Jesus Freak Hideout's Jen Rose noted that "her sophomore release melds the simplicity and poetry of 70s singer-songwriters, classical piano moments, traditional hymns, and alternative pop, and ties it all together in a voice as lovely, complex, and passionate as the songs themselves."[14] Rose alluded to how the album "keeps it honest, focusing less on a big, modern sound and more on Assad's lovely voice, piano work, and introspective lyrics."[14] Rose indicated how the album is "classy, poetic, honest, and thoughtful, it sounds like the music Audrey Assad was made to create and the album her fans have been waiting for, one that grows more beautiful with every listen."[14]

Jesus Freak Hideout's Roger Gelwicks highlighted how "Assad's overall approach just went from good to great; indeed, Assad pinpointed every aspect from her debut that could have been improved, and Heart is just that much better for it."[15] Gelwicks suggested "as Assad takes far more risks with her compositions and uses less vocal restraint, Heart only benefits from the difference in the evoked passion, and in the same vein as The House You're Buildings ability to gradually grow on the listener, Heart follows suit while upping the ante significantly. The result is another early favorite for 2012; projects from singer/songwriters don't get too much better than this."[15]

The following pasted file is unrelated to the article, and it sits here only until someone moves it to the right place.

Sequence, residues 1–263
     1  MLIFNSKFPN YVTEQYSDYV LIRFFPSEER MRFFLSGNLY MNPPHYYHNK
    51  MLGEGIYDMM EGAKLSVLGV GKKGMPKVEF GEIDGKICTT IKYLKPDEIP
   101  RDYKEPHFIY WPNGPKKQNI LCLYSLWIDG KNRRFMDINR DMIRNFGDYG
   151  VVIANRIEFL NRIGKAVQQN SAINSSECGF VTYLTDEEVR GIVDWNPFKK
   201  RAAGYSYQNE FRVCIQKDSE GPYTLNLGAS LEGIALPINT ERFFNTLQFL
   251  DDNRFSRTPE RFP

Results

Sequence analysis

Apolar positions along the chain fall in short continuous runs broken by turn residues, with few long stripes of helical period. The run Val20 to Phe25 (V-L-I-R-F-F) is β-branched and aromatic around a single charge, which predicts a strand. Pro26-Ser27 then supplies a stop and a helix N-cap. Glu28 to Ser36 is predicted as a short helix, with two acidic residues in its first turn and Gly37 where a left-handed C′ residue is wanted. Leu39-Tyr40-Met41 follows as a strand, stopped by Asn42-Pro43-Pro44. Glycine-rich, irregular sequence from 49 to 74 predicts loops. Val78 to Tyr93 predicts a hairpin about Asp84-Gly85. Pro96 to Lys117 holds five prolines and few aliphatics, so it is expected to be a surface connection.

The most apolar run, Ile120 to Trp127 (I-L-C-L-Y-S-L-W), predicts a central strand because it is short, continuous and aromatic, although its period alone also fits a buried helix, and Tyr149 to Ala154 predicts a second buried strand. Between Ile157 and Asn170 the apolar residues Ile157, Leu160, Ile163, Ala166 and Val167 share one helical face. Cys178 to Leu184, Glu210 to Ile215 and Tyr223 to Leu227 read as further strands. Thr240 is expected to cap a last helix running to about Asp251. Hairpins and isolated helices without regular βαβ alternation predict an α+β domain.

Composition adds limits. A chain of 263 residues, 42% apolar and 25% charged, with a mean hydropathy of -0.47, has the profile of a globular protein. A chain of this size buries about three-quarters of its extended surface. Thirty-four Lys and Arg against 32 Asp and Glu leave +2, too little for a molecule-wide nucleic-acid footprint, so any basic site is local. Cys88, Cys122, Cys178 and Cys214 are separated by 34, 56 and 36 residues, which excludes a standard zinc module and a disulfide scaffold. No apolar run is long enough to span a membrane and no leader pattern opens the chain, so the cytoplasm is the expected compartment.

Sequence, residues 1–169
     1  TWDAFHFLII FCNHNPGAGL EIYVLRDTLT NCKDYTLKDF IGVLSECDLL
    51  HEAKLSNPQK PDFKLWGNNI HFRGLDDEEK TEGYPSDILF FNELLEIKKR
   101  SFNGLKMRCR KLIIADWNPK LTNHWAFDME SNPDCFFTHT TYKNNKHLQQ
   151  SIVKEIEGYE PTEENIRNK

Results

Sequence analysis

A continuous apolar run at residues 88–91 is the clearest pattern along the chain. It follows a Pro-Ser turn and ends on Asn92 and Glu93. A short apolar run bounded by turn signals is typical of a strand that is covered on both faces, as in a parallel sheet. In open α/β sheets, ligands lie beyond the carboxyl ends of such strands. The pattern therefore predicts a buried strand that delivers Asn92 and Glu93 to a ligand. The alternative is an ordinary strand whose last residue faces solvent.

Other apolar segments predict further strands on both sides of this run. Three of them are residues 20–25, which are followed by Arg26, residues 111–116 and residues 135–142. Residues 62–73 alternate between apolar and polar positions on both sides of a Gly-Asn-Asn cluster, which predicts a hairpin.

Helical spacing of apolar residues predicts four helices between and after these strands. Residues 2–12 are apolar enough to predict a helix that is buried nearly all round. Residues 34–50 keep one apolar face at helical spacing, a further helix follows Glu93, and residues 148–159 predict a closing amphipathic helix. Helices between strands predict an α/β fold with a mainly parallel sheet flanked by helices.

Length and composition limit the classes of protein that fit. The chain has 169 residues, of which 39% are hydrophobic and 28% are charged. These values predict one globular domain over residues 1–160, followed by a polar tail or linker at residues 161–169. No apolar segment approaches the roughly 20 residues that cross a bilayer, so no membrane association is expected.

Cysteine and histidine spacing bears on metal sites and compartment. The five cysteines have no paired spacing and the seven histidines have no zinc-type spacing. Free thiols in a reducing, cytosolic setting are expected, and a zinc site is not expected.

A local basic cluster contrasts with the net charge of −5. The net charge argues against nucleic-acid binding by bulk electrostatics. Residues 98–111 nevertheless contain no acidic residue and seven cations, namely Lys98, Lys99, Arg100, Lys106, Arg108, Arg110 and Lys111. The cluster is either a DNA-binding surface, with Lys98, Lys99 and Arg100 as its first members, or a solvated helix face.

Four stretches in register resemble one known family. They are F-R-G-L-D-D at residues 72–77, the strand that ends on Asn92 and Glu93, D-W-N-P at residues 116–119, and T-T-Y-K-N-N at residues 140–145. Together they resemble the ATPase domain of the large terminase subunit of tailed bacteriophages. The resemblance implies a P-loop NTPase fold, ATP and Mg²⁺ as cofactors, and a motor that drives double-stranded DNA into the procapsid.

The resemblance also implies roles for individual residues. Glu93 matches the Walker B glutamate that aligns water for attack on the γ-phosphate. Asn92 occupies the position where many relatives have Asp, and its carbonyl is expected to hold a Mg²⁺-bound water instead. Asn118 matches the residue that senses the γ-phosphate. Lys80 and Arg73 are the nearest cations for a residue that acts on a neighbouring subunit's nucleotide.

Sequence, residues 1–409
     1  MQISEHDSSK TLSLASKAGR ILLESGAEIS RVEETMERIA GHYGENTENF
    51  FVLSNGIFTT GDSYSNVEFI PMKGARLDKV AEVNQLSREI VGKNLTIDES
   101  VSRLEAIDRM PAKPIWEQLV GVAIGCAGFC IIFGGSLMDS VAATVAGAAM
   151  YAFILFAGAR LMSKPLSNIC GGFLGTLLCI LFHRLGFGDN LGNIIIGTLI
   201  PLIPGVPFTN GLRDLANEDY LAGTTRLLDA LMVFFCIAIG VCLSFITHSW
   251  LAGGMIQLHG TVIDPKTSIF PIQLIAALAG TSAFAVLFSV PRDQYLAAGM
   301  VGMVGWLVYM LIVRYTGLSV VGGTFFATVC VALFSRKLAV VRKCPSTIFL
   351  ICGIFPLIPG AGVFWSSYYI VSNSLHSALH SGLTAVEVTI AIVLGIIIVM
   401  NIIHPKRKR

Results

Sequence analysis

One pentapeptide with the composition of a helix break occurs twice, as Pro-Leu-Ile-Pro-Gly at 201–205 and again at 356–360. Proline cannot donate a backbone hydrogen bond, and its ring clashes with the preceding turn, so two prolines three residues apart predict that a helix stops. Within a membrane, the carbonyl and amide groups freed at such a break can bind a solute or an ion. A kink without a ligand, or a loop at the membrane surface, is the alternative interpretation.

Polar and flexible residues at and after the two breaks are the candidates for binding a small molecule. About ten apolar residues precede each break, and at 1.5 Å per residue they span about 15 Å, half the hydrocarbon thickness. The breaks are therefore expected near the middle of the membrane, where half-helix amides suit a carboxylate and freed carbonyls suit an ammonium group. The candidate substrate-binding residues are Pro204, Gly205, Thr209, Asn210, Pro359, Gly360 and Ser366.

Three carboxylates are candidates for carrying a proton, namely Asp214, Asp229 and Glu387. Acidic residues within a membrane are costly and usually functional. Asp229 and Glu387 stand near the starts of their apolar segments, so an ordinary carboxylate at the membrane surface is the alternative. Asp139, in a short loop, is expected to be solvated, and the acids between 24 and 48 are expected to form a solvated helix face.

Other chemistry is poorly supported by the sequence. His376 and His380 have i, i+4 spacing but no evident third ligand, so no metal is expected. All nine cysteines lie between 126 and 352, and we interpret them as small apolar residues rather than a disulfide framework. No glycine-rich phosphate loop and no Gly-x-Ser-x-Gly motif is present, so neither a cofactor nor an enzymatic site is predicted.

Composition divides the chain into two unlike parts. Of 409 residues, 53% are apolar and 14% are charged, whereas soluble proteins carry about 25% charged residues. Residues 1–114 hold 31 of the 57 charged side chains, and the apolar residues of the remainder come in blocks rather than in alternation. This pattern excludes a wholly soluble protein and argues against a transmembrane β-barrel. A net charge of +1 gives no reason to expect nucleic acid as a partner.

Louder Than the Music's Jono Davies asked "So does Heart match up to Audrey's debut release? Most definitely yes!"[16] Davies referred to "if Audrey's debut album was to show the world what a talented singer and songwriter she is, then Heart does this in abundance, adding an extra edge of maturity. Whilst at times during the album I felt that Audrey has played it a bit 'safe', thankfully just when I started to think that Audrey throws into the mix a stunning song that made me stand up and listen again."[16] Lastly, Davies called "a gentle album with added sparkle. At times there is Jazz, at others there is Soul, and then there is that piano led Groove. Audrey throws in many beautiful songs that can move you to tears, capturing her voice with such clarity."[16] Davies called the "Standout Tracks" on the album the following: "Blessed Are The Ones", "Sparrow", "Wherever You Go".[16]

New Release Tuesday's Kevin Davis suggested "Heart is loaded with meaningful, engaging and beautiful songs and is the most amazing album by a female vocalist I've ever heard. Heart by Audrey Assad ranks with Invisible Empires by Sara Groves and Albertine by Brooke Fraser as a flawless and emotional depiction of the beauty and majesty of our Creator's 'Heart.'"[17] Davies said the album "has completely 'won me over.' From start to finish, all twelve songs weave a tapestry that is artful, engaging, catchy, emotional, and after several listens and goose bump inducing moments, I am convinced that this is now my favorite album, ever."[17] Davies noted "if I’m ever stranded on a deserted island and I can only listen to one album the rest of my days, Heart by Audrey Assad is the album I’ll take with me."[17]

The Sound Opinion's Lindsay Williams targeted how the album "does more than impress, she captures your heart."[20] Williams said "she knows how to pair an enchanting lyric with a melody that tugs at the heartstrings."[20]